I have always considered the 4th of July as one of our truly American holidays.
For as long as I can remember, we celebrated with cookouts, fireworks and a grand display of our red, white and blue.
As a Black kid growing up in the ‘60s and ‘70s, I knew my parents worked hard to pursue the American Dream. They moved from the projects of West Philly to the manicured lawns of the suburbs where Independence Day was a big deal. Since it was a big deal for my parents, it was a big deal for my siblings and me. I remember erecting the flag and even dressing up in matching patriotic outfits (I’ve got the shameful Polaroids to prove it).
It wasn’t until I was an adult when I began to view these traditions a lot differently. I’ve been stopped at gunpoint by officers who swore to serve and protect me. I’ve endured racial slurs by individuals who felt it was their freedom to demean me. I’ve had my house “egged” by those who may have disagreed with the campaign lawn signs I’ve erected – or simply by my very presence in the neighborhood where I’m one of only a handful of Blacks.
So, I find it significant that Independence Day this year is being observed against the backdrop of the U.S. Supreme Court setting back the rights of women for generations. While media attention appropriately has focused on the overturning of Roe v. Wade, it’s simply the latest proof that freedom is rarely completely free.
More than 150 years ago, Frederick Douglass, as one of our nation’s greatest orators, posed the question to his all-white audience, “What To The Slave is the Fourth of July?” The year was 1852. The Civil War had yet to be fought, and the Emancipation Proclamation was not to be issued until more than 10 years later. Many in the crowd held slaves, and some even thought Douglass was more of an oddity than the gifted speaker/activist that history knows him to be.
Regardless of what those in the packed hall thought of Douglass, he didn’t hold back what he knew to be true in his perspective of Independence Day.
“What have I, or those I represent, to do with your national independence?” Douglass wrote. “Are the great principles of political freedom and of natural justice, embodied in that Declaration of Independence, extended to us? and am I, therefore, called upon to bring our humble offering to the national altar, and to confess the benefits and express devout gratitude for the blessings resulting from your independence to us?”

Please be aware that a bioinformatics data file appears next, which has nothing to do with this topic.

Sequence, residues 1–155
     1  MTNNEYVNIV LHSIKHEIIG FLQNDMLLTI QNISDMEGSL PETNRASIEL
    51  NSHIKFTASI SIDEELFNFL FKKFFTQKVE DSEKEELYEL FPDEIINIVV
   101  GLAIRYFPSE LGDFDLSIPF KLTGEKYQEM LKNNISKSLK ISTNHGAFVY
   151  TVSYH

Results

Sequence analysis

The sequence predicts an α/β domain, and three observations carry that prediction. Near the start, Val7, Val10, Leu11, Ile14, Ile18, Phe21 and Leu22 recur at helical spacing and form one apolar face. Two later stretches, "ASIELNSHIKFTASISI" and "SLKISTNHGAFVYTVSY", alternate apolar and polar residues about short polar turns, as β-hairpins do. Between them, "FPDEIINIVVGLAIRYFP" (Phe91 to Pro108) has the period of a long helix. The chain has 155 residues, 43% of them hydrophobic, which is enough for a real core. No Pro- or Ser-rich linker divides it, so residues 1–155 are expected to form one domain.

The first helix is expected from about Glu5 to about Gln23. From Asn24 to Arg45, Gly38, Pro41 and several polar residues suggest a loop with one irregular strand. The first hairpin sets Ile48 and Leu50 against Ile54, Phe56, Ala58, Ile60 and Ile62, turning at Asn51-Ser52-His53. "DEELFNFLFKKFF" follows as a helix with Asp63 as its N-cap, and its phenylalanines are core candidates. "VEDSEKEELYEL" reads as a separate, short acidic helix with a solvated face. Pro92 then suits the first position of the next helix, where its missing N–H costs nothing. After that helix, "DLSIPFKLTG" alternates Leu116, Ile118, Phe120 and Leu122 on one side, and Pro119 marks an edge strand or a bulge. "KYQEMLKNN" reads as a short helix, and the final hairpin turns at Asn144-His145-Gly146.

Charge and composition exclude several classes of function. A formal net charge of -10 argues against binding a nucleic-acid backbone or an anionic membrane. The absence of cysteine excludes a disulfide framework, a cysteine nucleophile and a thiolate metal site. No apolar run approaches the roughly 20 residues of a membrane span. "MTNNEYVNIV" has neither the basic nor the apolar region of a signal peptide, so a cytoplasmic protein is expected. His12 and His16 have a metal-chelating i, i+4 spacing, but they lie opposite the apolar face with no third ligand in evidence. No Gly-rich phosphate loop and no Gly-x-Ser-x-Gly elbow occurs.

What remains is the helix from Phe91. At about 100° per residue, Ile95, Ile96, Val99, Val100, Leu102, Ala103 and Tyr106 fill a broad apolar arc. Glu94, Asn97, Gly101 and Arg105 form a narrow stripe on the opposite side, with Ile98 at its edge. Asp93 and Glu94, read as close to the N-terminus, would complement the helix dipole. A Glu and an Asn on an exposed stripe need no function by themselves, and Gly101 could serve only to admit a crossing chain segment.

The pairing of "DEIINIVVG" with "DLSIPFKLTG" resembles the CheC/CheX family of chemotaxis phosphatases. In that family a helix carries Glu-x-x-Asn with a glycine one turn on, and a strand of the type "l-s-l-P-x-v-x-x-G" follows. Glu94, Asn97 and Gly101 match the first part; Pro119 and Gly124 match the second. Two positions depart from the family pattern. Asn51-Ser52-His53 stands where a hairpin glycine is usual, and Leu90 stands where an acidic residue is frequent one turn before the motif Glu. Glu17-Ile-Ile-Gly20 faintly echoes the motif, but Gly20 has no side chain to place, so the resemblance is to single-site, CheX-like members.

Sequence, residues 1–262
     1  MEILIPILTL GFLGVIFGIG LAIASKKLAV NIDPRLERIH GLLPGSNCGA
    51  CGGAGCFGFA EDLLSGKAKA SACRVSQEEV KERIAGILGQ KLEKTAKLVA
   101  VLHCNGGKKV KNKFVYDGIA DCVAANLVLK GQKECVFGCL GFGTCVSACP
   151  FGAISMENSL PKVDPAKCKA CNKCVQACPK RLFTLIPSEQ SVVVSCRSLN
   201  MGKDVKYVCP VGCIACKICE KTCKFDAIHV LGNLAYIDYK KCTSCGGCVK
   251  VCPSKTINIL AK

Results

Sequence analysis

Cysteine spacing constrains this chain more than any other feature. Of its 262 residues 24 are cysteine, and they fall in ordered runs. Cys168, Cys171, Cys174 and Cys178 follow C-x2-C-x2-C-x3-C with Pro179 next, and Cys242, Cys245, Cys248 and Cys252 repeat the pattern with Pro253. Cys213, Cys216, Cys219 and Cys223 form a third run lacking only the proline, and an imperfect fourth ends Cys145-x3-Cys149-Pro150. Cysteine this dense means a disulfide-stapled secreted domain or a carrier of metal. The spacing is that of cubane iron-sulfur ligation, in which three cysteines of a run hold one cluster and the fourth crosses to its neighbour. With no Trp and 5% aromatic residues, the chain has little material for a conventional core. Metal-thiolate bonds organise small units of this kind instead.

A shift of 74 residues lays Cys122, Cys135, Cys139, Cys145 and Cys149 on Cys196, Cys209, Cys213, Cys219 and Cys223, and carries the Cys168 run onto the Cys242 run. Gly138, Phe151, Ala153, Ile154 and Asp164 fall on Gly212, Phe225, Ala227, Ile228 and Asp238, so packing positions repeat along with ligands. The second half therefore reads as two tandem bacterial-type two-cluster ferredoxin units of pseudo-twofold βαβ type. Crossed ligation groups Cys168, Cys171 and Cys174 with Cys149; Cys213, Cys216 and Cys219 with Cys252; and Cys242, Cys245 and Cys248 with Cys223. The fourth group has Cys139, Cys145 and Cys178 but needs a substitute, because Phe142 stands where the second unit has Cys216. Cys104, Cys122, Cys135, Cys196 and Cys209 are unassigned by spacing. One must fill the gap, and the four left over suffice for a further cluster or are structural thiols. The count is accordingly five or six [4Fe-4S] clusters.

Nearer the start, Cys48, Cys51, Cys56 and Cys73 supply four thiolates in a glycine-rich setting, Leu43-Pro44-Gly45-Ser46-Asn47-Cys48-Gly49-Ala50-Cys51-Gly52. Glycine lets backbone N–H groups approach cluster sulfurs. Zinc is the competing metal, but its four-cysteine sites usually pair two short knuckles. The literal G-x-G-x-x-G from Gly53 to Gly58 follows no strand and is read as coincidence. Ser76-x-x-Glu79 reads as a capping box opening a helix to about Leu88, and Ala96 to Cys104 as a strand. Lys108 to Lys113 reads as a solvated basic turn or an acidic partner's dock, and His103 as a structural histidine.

It was, of course, a rhetorical question that Douglass was quick to answer:
“I am not included within the pale of this glorious anniversary! Your high independence only reveals the immeasurable distance between us. The blessings in which you, this day, rejoice, are not enjoyed in common. — The rich inheritance of justice, liberty, prosperity and independence, bequeathed by your fathers, is shared by you, not by me. The sunlight that brought life and healing to you, has brought stripes and death to me. This Fourth [of] July is yours, not mine. You may rejoice, I must mourn.”
Now, here we are more than 100 years later, and the symbols of freedom still evoke mixed emotions for many of us. While I proudly display the stars and stripes this time every year, I’ve also seen the flag used by others as a weapon — literally and figuratively — to restrict, rather than embolden freedom. Regardless of the symbolism, freedom has always been something that has been fought for—typically by those who have less freedom against those who have more.
Which brings us back to Independence Day, Frederick Douglass and the fight that matters. When Douglass delivered his oration, it wasn’t just a fiery speech to agitate those gathered. It was borne from his lived experience of having escaped slavery, taught himself to read and become the statesman who would play a pivotal role in abolishing the practice of slavery that once held him captive.
For far too many, the chains that bind us may be harder to detect, but their grip is real:
- Redlining and predatory loan practices that hold folks back from achieving generational wealth.
- Failing schools that lead to poor job prospects, bad life choices and ultimately fuel for the school-to-prison pipeline.
- Health inequities that continue to claim Black and brown lives every minute of every day.
So, the struggle continues because it has to. How we live into our freedom determines how much we’re willing to fight for it. For those with the power to grant those freedoms, the battle will be an ongoing one.
Douglass knew this when he wrote, “If there is no struggle, there is no progress. Those who profess to favor freedom, and yet depreciate agitation, are (those) who want crops without plowing up the ground. They want rain without thunder and lightning. They want the ocean without the awful roar of its many waters. This struggle may be a moral one; or it may be a physical one; or it may be both moral and physical; but it must be a struggle. Power concedes nothing without a demand. It never did and it never will.”
Let the roar of independence continue to drive us ever forward.